A small Sergiyev Posad is the only city in the Moscow Region to be included in the Golden Ring of Russia. The reason for this is the Trinity Lavra of St. Sergius (Troitse-Sergiyeva Lavra), the spiritual center of the Russian Orthodox Church. The monastery complex of the Trinity Lavra is inscribed on the UNESCO World Heritage List. Snow-white towers, golden domes, bell-ringing and the continuous flow of pilgrims — all this is a center of life of a town with a population of 100 thousand people. However, the town is also known as the capital of the toy kingdom. This is the place where the toy industry was born and the first Matryoshka (Russian nesting doll) was invented. Today’s Sergiyev Posad is a living open-air museum. Here you can learn about the life of St. Sergius of Radonezh from the local monks, treat yourself to the tasty honey cakes and kvass, and attend the town fairs full of the Bogorodskoye toys. All this attracts more than a million tourists to the town every year!
In the middle of the 14th century, there were only cells and the Holy Trinity Church at the site of the modern town of Sergiyev Posad on the Makovets Hill. Hermit monks lived and prayed here. Among them there was the novice Bartholomew, who later became known as St. Sergius of Radonezh, the founder of the Trinity Lavra of St. Sergius. As legend has it, Prince Dmitry Donskoy visited the monastery in the XIV century seeking advice from this elderly monk on the eve of the legendary Battle of Kulikovo. After the death of Sergius of Radonezh, the Trinity Cathedral was built at the site with the relics of the saint, and crowds of pilgrims began to stream into the monastery.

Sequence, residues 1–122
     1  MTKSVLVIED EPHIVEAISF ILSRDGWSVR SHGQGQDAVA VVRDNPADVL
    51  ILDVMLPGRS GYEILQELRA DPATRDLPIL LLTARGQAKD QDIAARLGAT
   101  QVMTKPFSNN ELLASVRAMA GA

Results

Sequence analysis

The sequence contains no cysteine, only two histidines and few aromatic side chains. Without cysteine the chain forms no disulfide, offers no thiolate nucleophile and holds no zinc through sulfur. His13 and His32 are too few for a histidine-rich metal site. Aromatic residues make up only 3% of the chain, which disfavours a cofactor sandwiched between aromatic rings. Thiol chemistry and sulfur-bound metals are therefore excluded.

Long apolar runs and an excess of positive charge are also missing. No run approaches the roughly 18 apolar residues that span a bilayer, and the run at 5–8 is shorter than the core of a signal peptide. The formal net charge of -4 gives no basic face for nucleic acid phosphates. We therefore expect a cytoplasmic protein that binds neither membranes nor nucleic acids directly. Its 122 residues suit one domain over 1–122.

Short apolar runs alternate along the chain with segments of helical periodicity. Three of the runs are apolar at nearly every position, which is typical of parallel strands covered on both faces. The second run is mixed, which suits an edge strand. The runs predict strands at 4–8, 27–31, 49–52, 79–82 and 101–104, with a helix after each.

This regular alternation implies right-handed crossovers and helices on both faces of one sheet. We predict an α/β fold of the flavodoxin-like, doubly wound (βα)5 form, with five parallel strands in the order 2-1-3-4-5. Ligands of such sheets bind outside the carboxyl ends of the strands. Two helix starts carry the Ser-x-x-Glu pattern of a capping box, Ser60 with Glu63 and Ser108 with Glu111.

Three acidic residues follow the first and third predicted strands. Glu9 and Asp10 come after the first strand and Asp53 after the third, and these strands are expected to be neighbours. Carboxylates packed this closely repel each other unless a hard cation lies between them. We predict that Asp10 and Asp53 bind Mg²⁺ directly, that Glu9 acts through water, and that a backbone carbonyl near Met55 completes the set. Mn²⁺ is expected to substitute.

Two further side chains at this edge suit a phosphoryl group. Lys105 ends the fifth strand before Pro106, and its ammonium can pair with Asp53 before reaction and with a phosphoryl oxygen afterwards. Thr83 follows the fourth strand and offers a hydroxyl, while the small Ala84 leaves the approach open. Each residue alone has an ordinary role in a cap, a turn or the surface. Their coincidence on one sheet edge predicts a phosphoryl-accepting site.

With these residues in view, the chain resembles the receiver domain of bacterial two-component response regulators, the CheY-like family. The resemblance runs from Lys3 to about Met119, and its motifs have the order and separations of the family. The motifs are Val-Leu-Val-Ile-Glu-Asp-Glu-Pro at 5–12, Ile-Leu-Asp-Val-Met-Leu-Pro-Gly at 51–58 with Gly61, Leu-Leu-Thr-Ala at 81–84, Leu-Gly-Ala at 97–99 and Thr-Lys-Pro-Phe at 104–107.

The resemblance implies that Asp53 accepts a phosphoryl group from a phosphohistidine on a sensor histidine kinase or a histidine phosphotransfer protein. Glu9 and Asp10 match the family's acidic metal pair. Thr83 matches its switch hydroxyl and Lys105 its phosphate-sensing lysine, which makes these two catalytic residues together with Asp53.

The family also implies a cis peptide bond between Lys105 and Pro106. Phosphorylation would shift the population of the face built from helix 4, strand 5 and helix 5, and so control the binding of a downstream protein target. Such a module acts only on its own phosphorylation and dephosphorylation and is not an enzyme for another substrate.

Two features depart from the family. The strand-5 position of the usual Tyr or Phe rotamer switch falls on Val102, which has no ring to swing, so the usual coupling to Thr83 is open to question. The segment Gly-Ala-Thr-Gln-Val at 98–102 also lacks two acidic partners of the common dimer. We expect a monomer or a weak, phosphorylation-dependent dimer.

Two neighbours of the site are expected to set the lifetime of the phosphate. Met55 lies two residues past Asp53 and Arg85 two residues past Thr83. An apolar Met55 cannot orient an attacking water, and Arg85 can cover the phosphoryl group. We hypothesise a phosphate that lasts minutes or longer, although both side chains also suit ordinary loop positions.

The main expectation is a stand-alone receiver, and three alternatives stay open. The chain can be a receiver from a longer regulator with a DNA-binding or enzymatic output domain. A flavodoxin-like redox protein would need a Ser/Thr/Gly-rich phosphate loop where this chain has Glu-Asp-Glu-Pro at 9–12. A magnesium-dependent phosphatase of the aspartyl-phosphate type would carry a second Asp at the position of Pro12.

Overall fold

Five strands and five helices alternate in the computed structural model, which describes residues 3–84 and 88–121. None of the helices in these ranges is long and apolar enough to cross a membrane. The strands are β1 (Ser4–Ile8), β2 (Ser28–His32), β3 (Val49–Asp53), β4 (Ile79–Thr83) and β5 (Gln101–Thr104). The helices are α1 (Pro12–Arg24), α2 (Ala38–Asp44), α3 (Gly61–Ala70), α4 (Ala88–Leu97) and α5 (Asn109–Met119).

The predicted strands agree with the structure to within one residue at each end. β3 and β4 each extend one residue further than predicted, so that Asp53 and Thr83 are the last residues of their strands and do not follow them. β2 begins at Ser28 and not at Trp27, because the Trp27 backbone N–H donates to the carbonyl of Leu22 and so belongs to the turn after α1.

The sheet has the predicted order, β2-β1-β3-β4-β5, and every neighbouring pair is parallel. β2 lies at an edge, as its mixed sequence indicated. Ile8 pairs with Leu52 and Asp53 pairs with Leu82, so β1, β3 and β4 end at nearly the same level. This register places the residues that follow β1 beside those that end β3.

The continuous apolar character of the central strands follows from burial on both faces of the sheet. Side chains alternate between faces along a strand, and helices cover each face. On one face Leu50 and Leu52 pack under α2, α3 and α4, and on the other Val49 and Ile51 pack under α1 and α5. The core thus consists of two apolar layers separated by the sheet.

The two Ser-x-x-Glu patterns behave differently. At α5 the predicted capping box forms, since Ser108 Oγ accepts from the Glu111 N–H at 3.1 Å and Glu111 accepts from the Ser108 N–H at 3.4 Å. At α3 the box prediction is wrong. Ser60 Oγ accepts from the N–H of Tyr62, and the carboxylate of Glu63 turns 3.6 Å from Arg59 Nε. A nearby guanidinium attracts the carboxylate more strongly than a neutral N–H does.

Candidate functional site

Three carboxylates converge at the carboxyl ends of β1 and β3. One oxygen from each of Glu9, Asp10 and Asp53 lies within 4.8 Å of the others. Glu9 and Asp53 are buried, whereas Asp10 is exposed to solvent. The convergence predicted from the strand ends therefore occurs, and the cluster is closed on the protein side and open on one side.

Villages started to originate around the monastery in the XV century. Tsar Ivan the Terrible, baptized in the Trinity Cathedral of the Lavra, turned the latter into a powerful fortress with a stone wall, a moat and towers. The monastery was able to withstand during the siege of the Polish-Lithuanian troops in the early XVII century which lasted 14 months! The prayed-in walls of the monastery also sheltered the young Tsar Peter I from the Streletsky Revolt. He later patronized the monastery, having granted it the fisheries and saltworks. In the XVIII century, the villages belonging to the Lavra developed into the Trinity-Sergiyev Posad, one of the most powerful spiritual centers of the Russian Empire.